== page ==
Wednesday, October 21, 2009

Hey, Mr. Warbler Guy: Is a Yellow-Breasted Chat truly a wood-warbler? C’mon, they don’t look like one, act like one, or sound like one.

Answer: Good question, Rob, in Cordelia, CA.

At seven inches from bill tip to tail tip, the Yellow-Breasted Chat (YBCH) is EASILY our largest North American wood-warbler family member. All the other warblers in our area range from 4.25 to 5.5 inches in length. Equally vexing, unlike YBCH, most other wood-warblers have an insect-catching small bill. Consequently, seeing a YBCH’s oversized one — it looks more like a tanager’s in shape and size — leaves you scratching your head.

So does hearing its Northern Mockingbird/Brown Thrasher-like song. Even the YBCH’s skulking, secretive behavior is somewhat strange for a wood-warbler, given many (especially among the 27 Dendroica genus members in North America north of Mexico) are extroverts in fast-forward mode during the breeding season while displaying “hover and glean” foraging behavior in search of insects amidst the tips of branches.

So why is a YBCH considered a wood-warbler? Primarily because researchers use more than birds’ songs, their behavior, their skeletal structure, and their general appearance to define a species (as well as the genera, families and orders of birds that constitute the 9,800 or so species in the world). They also employ blood analysis (i.e., DNA/DNA hybridization techniques) techniques. All of these aforementioned distinguishing techniques form the “Phylogenetic Species Concept” that is broadly accepted by most taxonomical scientists (but only SOME biologists) as an accurate way to determine a species.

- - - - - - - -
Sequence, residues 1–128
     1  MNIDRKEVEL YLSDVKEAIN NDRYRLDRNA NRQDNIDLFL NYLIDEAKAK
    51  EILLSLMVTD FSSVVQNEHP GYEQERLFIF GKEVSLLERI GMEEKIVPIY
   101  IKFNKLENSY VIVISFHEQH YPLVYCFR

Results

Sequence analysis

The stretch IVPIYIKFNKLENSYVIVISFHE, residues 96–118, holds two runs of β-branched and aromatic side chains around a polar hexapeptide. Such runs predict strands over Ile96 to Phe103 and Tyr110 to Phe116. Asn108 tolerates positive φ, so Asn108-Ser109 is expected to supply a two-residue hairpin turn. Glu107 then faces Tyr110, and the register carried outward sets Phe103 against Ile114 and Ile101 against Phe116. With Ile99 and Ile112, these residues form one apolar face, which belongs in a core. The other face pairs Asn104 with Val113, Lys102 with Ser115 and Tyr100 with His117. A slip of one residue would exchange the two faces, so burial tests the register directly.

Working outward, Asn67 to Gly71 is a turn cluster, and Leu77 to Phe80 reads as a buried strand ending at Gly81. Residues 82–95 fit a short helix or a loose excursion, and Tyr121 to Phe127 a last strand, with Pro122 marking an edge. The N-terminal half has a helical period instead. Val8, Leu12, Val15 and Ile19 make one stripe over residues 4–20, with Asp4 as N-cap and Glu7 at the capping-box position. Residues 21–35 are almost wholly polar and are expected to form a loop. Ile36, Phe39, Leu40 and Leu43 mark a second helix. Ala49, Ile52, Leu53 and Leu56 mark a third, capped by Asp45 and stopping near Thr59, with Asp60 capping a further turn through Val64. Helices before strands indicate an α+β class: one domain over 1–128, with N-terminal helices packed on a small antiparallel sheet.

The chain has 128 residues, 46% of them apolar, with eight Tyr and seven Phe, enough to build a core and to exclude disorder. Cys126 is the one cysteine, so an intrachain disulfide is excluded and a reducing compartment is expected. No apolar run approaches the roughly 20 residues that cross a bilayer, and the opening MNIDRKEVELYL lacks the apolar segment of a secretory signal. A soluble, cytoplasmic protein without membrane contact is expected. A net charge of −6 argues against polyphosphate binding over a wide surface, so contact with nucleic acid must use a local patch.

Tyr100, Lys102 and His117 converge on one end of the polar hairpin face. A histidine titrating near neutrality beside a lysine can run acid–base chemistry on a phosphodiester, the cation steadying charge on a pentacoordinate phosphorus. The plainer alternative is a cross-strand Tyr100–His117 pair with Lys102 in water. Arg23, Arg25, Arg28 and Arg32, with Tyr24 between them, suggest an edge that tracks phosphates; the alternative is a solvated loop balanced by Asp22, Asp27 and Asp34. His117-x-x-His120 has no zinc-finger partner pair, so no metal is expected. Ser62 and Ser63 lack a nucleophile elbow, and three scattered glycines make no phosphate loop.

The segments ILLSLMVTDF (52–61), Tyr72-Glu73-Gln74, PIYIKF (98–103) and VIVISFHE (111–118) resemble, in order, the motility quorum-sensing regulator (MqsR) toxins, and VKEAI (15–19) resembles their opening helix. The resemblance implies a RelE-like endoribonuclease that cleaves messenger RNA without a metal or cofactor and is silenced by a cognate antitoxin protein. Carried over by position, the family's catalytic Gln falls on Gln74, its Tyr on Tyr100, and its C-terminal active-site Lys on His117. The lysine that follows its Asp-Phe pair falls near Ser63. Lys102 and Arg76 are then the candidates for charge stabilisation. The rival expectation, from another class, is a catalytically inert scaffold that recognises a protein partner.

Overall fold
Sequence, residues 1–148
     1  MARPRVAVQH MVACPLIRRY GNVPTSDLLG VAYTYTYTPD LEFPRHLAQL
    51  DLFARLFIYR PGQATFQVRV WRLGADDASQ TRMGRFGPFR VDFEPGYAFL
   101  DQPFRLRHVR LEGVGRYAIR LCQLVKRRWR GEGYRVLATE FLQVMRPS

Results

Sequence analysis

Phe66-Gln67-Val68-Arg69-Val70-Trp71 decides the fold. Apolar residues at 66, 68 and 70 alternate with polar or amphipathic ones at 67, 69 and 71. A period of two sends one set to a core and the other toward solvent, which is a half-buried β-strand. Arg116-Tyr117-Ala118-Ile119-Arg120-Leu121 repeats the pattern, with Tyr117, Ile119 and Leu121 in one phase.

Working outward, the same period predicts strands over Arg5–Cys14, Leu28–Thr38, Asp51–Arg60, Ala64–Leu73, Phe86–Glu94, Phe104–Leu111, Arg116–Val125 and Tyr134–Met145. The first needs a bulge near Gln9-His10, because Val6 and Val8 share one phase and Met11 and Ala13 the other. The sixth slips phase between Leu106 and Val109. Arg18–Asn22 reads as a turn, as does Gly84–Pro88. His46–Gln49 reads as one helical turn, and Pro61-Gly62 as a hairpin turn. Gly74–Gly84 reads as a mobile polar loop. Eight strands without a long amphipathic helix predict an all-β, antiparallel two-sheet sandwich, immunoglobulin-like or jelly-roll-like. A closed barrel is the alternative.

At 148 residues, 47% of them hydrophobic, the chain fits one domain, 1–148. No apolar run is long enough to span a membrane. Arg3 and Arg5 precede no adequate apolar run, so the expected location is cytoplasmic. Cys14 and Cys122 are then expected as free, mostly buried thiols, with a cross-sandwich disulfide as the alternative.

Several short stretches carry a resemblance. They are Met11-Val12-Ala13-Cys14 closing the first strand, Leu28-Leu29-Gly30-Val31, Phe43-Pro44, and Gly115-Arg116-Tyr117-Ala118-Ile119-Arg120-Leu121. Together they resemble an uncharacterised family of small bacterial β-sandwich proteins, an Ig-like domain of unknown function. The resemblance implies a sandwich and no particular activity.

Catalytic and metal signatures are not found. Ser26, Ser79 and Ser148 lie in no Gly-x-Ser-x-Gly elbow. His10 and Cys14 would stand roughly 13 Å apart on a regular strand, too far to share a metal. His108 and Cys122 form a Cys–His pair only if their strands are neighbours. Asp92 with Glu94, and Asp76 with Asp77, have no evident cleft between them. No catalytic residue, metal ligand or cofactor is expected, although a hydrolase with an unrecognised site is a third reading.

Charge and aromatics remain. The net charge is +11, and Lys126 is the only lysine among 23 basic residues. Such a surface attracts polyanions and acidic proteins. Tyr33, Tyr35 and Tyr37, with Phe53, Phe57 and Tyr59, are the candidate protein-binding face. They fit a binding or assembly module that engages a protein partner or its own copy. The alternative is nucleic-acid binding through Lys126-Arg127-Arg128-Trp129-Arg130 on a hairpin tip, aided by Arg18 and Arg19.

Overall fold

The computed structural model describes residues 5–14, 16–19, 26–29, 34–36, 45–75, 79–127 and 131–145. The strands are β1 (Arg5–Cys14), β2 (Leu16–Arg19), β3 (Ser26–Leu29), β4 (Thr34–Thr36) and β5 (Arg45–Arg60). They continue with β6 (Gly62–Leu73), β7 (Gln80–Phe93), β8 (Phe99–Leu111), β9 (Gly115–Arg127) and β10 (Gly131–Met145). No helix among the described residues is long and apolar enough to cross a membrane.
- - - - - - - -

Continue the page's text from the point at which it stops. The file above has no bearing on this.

Of course, molecular analysis of blood is a somewhat recent development technique for distinguishing birds at the species level. Hearken to pre-DNA analysis, and you stumble upon the studies of one E. Eisenmann. In1962, he called into question the then generally accepted placement of the YBCH in the wood-warblers by pointing out how it is missing jaw muscle, thereby suggesting an affinity with tanagers (Thraupidae family). Eisenmann also argued that the YBCH’s hyoid apparatus (a specialized system of bones and muscles within the avian tongue) differs from that of design present in many songbirds. No matter. Eisenmann lost his tug of war with other experts. Various conscientious objectors in the birding community have similarly raised their voice (and ire) to question the inclusion of YBCH in the wood-warbler family.